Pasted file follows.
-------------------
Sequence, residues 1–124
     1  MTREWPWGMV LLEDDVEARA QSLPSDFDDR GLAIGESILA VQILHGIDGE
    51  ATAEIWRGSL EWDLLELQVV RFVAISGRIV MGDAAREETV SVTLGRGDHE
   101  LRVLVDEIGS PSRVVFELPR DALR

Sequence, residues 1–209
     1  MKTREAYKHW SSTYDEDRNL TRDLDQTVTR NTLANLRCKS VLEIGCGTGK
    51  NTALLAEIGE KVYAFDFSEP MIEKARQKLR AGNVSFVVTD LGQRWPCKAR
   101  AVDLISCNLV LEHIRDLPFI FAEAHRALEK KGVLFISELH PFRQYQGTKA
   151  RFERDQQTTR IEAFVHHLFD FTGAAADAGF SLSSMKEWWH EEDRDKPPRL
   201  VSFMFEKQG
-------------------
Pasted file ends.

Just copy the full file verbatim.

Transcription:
Sequence, residues 1–124
     1  MTREWPWGMV LLEDDVEARA QSLPSDFDDR GLAIGESILA VQILHGIDGE
    51  ATAEIWRGSL EWDLLELQVV RFVAISGRIV MGDAAREETV SVTLGRGDHE
   101  LRVLVDEIGS PSRVVFELPR DALR

Sequence, residues 1–209
     1  MKTREAYKHW SSTYDEDRNL TRDLDQTVTR NTLANLRCKS VLEIGCGTGK
    51  NTALLAEIGE KVYAFDFSEP MIEKARQKLR AGNVSFVVTD LGQRWPCKAR
   101  AVDLISCNLV LEHIRDLPFI FAEAHRALEK KGVLFISELH PFRQYQGTKA
   151  RFERDQQTTR IEAFVHHLFD FTGAAADAGF SLSSMKEWWH EEDRDKPPRL
   201  VSFMFEKQG